As the president of a leading consumer group whose mission is to safeguard the public interest, I am alarmed by the growing number of Americans losing faith in the public health institutions Congress designed to keep them safe.
According to 2021 polling from the Robert Wood Johnson Foundation and Harvard T.H. Chan School of Public Health, nearly half the country does not trust the Center for Disease Control and Prevention a “great deal.” Only two-thirds place a great deal of trust in the Federal Food and Drug Administration and the National Institutes of Health, while just 33 percent do for the Department of Health and Human Services. This growing public distrust of America’s leading health authorities is causing an alarming percentage of the country to ignore the important research conducted and counsel provided by these agencies.
Recognizing the need to restore America’s faith in these critical institutions, President Joe Biden signed a January 2021 Presidential Memorandum on Scientific Integrity and Evidence-Based Policymaking. This memo stipulated that America’s health agencies appoint an integrity officer to ensure they follow science-based approaches in their research and mandated that their research come under a task force’s review.
Biden’s proclamation was a sorely needed step in the right direction. That said, it is troubling to see that many agencies appear to be flouting the president’s directive as they continue issuing new rules and guidance backed by suppositions rather than science. No entity is more emblematic of this problem than the FDA’s Center for Tobacco Products (CTP).
In response to a request from (and concerns expressed by) FDA Commissioner Robert Califf, the Reagan Udall Foundation — a nonprofit created by Congress to “advance the mission of the FDA” — issued a December 2022 report detailing how the CTP is addressing tobacco with “a lack of consistent implementation” of policies and radical policy shifts. Its findings seemingly corroborated leaks made by a former CTP staffer-turned-whistleblower, who disclosed that a 2019 CTP memorandum directed scientists to stop using objective, quantitative data to evaluate applications.
The CTP responded to the report exposing deficiencies in the CTP rulemaking process by promising to do better. That response includes no fewer than 10 mentions of “transparency” yet does little but outline new layers of bureaucracy. And despite the Reagan Udall Foundation’s brow-raising findings, the CTP is still pursuing regulatory action with no scientific basis.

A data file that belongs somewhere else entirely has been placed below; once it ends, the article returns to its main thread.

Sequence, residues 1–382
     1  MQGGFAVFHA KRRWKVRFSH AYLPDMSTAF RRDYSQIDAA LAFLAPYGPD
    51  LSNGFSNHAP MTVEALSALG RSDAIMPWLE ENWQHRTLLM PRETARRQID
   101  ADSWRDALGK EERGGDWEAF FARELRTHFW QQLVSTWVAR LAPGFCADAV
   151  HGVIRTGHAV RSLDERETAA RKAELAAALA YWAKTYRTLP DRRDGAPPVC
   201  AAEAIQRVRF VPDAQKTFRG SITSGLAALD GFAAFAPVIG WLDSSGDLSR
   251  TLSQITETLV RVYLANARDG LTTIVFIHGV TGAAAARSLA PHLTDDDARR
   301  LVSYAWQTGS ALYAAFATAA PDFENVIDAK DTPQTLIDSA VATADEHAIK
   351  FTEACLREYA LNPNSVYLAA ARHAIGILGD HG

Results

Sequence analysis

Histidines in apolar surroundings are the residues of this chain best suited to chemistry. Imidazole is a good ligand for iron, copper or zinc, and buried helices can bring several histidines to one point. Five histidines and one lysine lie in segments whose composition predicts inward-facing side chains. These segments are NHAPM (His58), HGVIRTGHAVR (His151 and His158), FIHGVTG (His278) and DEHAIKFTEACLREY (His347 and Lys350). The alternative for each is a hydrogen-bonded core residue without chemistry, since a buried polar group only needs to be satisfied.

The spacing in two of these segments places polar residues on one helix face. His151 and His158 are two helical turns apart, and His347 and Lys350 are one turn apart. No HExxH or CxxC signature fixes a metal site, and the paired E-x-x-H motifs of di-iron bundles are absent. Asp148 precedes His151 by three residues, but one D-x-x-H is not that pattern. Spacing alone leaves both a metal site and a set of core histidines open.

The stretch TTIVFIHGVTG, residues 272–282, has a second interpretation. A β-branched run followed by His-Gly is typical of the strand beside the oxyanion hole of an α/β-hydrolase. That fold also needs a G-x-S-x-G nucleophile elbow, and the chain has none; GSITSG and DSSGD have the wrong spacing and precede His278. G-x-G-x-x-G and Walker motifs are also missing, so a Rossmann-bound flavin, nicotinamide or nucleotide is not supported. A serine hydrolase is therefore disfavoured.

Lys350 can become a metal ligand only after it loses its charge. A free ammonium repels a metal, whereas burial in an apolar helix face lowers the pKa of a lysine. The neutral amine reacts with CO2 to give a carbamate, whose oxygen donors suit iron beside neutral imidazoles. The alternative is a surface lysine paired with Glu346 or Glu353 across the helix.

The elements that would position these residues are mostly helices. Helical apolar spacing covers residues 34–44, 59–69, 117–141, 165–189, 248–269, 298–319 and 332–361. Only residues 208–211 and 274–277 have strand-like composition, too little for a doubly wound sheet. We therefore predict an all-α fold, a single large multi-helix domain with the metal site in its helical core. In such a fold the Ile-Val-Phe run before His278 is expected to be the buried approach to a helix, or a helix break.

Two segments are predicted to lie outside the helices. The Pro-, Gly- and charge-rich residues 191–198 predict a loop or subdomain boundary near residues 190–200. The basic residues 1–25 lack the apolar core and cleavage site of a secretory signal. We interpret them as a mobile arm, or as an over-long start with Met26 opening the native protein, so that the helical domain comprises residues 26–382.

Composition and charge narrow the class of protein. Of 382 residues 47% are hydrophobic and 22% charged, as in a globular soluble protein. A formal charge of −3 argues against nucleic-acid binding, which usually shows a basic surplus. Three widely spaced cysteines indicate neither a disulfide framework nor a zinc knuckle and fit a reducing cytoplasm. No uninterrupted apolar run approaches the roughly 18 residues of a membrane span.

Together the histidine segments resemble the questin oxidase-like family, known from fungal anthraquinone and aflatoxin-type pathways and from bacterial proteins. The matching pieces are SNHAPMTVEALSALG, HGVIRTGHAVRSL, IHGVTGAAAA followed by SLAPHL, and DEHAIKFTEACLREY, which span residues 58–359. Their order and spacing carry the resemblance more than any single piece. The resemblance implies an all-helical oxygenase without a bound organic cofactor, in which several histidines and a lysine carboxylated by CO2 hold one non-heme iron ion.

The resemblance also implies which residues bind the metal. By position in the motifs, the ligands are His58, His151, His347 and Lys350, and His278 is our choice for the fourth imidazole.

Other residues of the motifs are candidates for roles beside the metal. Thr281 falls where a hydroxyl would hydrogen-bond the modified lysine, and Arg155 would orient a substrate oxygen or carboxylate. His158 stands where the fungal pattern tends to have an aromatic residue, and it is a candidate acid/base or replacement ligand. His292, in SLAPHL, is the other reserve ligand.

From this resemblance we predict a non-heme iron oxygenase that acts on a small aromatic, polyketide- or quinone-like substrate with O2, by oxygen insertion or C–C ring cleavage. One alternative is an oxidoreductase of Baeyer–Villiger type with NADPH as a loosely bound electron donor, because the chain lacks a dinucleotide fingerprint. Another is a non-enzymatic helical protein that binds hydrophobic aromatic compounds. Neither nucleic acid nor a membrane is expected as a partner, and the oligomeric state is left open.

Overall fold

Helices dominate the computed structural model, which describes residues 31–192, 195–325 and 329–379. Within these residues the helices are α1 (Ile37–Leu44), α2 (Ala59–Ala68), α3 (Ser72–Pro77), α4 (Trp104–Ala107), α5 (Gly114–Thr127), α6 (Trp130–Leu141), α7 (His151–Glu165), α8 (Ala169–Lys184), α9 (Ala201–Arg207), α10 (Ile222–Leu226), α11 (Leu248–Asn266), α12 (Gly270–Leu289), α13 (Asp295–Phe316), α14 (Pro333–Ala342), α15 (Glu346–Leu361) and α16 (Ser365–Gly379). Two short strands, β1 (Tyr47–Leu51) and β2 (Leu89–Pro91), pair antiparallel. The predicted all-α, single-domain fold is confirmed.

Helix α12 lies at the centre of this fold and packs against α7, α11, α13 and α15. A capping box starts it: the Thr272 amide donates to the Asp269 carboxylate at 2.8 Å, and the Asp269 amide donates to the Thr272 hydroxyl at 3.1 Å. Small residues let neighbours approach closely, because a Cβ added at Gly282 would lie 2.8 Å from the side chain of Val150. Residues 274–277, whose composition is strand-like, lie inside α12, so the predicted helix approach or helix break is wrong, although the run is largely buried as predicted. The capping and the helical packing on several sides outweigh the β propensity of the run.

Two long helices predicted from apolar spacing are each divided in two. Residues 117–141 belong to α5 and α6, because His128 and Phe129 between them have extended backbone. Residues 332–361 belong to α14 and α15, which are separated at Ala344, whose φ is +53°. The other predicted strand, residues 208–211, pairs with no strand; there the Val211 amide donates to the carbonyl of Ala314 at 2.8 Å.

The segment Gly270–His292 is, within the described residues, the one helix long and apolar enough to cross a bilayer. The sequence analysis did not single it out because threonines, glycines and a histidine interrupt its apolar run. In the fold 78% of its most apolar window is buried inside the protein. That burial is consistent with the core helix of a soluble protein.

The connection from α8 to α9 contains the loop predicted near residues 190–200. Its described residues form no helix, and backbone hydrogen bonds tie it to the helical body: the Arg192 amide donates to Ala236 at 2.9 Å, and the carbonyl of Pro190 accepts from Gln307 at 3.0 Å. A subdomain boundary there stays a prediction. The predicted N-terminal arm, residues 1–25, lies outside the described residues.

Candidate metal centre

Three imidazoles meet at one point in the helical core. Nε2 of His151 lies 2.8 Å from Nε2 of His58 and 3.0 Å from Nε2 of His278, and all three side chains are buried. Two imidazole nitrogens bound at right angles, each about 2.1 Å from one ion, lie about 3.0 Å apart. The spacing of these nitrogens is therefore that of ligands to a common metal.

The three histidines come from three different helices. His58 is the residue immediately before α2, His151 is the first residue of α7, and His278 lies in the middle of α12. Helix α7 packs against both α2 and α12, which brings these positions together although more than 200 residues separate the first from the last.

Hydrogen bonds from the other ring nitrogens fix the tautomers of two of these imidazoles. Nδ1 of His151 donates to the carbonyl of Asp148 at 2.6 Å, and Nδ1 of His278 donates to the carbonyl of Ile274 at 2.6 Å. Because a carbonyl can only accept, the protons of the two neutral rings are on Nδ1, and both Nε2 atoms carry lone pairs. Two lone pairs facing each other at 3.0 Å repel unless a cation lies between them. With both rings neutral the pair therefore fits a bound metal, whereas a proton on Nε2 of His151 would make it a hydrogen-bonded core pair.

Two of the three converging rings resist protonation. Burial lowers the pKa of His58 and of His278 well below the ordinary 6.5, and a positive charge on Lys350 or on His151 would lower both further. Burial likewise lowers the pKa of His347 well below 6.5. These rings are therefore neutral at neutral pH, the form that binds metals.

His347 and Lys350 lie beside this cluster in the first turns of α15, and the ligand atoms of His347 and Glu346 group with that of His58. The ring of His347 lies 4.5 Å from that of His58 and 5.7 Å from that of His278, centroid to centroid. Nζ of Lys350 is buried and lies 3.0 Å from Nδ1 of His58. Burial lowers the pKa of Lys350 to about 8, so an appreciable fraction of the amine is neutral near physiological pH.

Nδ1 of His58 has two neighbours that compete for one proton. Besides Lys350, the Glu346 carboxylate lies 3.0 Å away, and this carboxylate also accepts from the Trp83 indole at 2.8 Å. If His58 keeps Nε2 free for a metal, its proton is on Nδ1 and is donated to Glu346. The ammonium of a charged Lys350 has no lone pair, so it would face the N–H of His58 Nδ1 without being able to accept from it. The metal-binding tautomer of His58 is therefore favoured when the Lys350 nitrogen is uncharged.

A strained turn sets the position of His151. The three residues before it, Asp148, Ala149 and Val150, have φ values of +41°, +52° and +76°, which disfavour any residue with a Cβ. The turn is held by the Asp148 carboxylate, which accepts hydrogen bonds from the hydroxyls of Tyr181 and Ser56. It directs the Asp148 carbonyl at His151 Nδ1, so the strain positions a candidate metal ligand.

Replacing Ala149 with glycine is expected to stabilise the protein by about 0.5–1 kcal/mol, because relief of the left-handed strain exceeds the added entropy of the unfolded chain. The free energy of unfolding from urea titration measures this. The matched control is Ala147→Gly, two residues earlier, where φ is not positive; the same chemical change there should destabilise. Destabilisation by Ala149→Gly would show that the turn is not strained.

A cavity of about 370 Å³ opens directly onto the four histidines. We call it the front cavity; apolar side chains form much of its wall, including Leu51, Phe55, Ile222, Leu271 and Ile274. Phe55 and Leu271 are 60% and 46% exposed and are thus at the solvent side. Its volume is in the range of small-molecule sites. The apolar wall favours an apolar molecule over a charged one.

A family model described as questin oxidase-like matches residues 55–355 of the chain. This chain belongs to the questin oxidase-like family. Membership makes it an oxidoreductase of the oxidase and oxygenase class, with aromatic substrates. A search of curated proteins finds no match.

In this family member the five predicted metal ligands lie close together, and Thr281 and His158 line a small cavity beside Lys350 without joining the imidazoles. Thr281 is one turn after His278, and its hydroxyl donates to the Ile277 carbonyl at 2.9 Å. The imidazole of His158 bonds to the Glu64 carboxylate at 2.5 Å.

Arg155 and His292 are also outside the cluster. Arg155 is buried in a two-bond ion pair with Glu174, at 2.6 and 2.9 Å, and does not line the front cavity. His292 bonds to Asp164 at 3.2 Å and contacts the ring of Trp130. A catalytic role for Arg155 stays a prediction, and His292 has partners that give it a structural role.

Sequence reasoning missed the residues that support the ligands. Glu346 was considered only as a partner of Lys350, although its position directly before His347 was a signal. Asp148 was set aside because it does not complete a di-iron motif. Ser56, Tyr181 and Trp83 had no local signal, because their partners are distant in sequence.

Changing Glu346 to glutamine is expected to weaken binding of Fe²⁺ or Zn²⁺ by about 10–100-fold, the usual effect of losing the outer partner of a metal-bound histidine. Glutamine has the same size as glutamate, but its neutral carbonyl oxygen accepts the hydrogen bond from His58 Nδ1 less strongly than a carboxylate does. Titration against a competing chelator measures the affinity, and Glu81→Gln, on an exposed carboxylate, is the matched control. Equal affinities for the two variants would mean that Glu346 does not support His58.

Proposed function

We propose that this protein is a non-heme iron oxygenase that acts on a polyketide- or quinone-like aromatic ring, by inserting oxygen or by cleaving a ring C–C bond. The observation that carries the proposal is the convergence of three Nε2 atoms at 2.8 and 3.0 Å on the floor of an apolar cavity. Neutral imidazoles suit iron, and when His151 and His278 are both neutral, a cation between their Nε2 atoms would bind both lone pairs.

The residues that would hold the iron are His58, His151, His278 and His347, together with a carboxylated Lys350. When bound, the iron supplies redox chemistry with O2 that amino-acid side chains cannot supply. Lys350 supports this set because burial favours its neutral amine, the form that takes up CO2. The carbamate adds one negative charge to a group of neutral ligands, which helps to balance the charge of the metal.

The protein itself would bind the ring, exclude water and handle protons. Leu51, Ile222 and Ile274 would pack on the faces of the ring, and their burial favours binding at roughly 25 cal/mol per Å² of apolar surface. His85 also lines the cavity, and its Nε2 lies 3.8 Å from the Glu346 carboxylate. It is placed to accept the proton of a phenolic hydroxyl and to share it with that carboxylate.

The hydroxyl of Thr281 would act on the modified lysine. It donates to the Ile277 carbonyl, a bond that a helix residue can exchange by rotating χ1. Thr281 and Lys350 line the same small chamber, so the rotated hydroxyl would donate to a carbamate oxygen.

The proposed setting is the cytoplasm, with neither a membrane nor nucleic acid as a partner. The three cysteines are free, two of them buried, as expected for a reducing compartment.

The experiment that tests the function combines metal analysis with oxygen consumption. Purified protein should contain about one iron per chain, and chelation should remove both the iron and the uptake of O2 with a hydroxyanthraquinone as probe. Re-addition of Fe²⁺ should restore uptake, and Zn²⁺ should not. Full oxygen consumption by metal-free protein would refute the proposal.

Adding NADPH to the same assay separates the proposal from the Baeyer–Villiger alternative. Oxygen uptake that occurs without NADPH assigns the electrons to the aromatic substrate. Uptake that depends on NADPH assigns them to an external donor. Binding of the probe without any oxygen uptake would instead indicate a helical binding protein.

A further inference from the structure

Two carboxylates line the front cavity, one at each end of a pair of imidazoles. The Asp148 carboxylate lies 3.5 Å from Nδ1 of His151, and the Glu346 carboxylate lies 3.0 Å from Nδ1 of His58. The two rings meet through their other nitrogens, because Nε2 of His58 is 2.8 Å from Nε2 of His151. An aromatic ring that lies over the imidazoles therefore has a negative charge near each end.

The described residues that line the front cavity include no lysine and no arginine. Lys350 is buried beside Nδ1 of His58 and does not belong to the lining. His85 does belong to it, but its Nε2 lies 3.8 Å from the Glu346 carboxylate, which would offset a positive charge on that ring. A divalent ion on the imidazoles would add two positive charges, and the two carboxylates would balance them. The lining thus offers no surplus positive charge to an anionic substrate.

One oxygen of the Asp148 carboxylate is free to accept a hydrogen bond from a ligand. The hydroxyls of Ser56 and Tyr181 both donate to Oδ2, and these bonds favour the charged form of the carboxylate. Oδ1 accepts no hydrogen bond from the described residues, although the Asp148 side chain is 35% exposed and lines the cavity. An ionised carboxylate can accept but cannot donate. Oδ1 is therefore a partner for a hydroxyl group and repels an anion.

In April, the FDA proposed a rule to curtail menthol cigarette use even though the menthol smoking rate for minors is down to nearly zero. Also, in recent years, the FDA has become adamant about curtailing vaping and e-cigarette products even though studies show them to be as much as 95 percent safer than combustible tobacco and more effective in weaning smoking than over-the-counter cessation products. The agency clearly appears to have ignored the empirical evidence in informing its actions.
Similarly, years ago, the FDA decided to regulate premium cigars based on its claims that they pose serious health risks and fuel a youth smoking epidemic. After a six-year court battle, a federal judge rejected these regulations and ruled the FDA’s decision to regulate to be “arbitrary and capricious,” while noting the low daily use of premium cigars by adults and also citing 0.1% as the percent of cigar smokers aged 12-17.
All this evidence and the court’s decision, coupled with the Reagan Udall Foundation’s recommendations that the CTP become more grounded in science, would presumably cause the agency to reconsider some of its actions and priorities. However, the CTP has not done so and instead is continuing to pursue its efforts to ban vapes and cigars for consenting adults even though it lacks a sound scientific (or legal) basis.
The public has historically demonstrated a willingness to comply with reasonable, scientific, or data-driven laws, and regulations that exist to protect the general welfare. Unfortunately, well-intentioned regulators like those at the CTP are slowly but surely eroding their positive disposition. Large swaths of the country now perceive America’s health officials as perpetrators of a nanny state rather than good and reasonable stewards of the public interest. As a result, they are ignoring all their guidance — even the items that are scientifically grounded. That is in no one’s interest.
The time is now for the agency and department heads of each of America’s public health institutions — the CDC, FDA, HHS, NIH, and the rest — to demand that their subordinates comply with President Biden’s evidence-based policymaking memorandum. If they are unwilling, then the president or Congress should consider taking swift and immediate action. Only then will public faith in the U.S.’ healthcare leaders — and compliance with America’s critical public health orders and proclamations — slowly become restored.
This was published in Real Clear Health.